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Elizabeth, was she the monarch of America? It seems like it this week.

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Elizabeth | The most recent episode of the royal family drama is engrossing the descendants of the Americans who fought for independence from the British crown more than 200 years ago. She was there, cheering for the Buffalo Bills as they trounced the Los Angeles Rams, the defending Super Bowl winners, on Thursday night’s N.F.L. season opener.

The speaker asked the throngs of celebrating football fans to pause for a moment of quiet, saying, “Today, the world lost a cherished worldwide figure with the passing of Queen Elizabeth II.”

Brands too joined in to express their sorrow. One company, Apple, changed the background of its home page to a black-and-white image of the young monarch wearing a diamond crown.
Tim Cook, the CEO of Apple, said on Twitter that dedicating one’s life to helping others was the most honorable thing one could do, paying homage to “Her Majesty Queen Elizabeth II’s life and dedication to duty.”

Even the locations of the American Revolution could not escape royal sadness. Old North Church in Boston, where Paul Revere signaled with two lamps in 1775 that the British were marching to Lexington and Concord, asked people to sign a book of condolences for Queen Elizabeth II this week.

After the queen passed away on Thursday, more than 200 years after the United States proclaimed its freedom from the British throne, the nation was once again enthralled by the royal family.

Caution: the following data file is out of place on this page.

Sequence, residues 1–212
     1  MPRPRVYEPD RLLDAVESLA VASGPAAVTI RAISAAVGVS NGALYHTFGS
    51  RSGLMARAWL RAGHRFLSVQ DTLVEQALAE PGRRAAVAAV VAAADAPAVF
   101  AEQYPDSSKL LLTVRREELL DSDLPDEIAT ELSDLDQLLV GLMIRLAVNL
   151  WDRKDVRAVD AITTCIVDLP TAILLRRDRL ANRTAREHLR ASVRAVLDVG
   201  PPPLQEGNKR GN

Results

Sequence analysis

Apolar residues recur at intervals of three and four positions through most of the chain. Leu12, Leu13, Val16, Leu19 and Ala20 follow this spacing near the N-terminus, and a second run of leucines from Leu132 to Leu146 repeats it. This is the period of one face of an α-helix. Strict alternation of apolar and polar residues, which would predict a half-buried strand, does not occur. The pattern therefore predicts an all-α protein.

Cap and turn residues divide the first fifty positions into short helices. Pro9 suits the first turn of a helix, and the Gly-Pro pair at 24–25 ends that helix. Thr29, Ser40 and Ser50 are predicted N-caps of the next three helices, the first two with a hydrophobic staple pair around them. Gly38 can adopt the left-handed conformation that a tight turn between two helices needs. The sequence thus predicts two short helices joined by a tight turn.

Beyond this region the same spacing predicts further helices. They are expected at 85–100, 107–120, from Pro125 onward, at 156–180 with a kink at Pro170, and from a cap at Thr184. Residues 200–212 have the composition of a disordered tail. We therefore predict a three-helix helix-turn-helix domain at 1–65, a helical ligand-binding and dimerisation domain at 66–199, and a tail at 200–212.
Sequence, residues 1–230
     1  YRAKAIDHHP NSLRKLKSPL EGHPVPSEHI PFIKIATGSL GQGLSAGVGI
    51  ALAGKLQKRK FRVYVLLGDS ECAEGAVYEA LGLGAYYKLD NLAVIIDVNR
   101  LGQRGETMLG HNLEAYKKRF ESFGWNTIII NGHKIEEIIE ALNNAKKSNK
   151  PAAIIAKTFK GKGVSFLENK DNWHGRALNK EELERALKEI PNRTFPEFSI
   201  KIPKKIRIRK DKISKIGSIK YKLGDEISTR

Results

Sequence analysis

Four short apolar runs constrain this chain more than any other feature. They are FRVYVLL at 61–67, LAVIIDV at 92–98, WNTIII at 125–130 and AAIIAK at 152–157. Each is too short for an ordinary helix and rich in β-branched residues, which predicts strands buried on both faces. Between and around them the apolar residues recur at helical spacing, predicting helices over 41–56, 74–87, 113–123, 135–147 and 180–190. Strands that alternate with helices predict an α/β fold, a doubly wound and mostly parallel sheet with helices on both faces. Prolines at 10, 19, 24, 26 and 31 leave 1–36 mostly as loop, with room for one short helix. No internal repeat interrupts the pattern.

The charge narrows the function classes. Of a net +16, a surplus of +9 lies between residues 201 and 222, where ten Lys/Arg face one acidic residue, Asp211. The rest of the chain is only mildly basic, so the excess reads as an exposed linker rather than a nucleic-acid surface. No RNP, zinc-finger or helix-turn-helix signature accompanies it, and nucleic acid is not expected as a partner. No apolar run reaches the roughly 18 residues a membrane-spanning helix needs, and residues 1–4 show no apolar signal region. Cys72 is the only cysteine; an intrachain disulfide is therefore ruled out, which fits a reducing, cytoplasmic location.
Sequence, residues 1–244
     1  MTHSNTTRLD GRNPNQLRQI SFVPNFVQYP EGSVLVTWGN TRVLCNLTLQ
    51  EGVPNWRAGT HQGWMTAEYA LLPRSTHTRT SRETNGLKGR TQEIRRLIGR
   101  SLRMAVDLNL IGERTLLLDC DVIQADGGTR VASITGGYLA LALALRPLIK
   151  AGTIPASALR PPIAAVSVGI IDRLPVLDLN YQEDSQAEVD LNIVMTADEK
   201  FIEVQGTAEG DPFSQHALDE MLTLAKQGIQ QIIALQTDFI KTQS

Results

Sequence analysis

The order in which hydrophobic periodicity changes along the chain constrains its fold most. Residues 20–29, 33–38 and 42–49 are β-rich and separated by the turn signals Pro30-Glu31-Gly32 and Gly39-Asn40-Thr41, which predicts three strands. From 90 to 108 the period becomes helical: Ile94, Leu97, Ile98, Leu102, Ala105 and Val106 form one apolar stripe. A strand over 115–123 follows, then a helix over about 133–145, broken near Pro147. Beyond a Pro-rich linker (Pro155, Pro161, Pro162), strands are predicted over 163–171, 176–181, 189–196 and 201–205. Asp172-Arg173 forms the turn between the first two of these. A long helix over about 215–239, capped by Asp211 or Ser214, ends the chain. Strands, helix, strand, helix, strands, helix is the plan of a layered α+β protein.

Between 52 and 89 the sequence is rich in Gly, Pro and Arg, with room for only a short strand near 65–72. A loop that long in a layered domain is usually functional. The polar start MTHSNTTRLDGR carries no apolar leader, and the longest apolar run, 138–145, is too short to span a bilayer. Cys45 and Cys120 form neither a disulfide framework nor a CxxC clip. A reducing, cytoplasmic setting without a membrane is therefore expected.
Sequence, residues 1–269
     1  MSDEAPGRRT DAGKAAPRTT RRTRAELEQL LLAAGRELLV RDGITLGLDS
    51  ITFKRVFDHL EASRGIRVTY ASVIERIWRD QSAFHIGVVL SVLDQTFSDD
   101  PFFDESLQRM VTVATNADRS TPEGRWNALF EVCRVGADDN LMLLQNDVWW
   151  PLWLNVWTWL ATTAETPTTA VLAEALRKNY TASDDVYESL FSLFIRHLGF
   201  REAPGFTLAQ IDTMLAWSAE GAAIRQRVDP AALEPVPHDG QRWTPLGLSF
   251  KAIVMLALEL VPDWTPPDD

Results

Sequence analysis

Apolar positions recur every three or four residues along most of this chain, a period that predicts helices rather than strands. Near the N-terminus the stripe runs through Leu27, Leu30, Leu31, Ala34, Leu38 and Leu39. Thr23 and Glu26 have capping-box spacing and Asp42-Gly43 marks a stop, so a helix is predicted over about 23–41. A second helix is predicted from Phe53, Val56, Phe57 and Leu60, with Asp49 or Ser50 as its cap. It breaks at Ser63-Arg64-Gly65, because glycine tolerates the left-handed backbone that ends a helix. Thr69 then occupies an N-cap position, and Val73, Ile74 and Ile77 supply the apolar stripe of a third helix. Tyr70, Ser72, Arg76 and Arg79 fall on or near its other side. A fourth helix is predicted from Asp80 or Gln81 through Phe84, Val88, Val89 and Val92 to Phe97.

Numerous Americans were drawn into the most recent episode of a centuries-old family drama that has been compared to the longest-running reality show or soap opera on earth by the nonstop news coverage of the burial procession and the succession of King Charles III.

Professor of history at Boston University and expert on modern Britain Arianne Chernock admitted, “I’m actually starting to feel a little bit tired myself.” But I’m not at all surprised by the wider American interest in Queen Elizabeth or the monarchy in general.

In fact, she said, some of the country’s founders made a distinction between their complaints about the British Parliament and their admiration for King George III, whom they saw as a “benevolent figure,” at the time of the country’s founding.

According to her, American media “gobbled it up and couldn’t get enough details” when Queen Victoria was crowned in 1838. The American media was very giddy about the queen. When the future King Edward VII, Victoria’s son, visited the United States in 1860, he was met by throngs of people, including young girls eager to see the royal bachelor. And many American women watched with pride as Queen Elizabeth II rose to the throne in 1952, challenging gender norms with her “deliciously disruptive” persona.

They cherished the idea that Prince Philip, the queen’s husband, had to obey the monarch, according to Professor Chernock. Their actual homes were very different from this.
According to Cele Otnes, co-author of “Royal Fever: The British Monarchy in Consumer Culture,” Princess Diana propelled the family into the contemporary celebrity era by appealing to ideas of beauty, wealth, youth, and extravagance. 25 years after her death in a car accident, a poll conducted in February revealed that Americans still thought more favorably of Diana than any other member of the British royal family.

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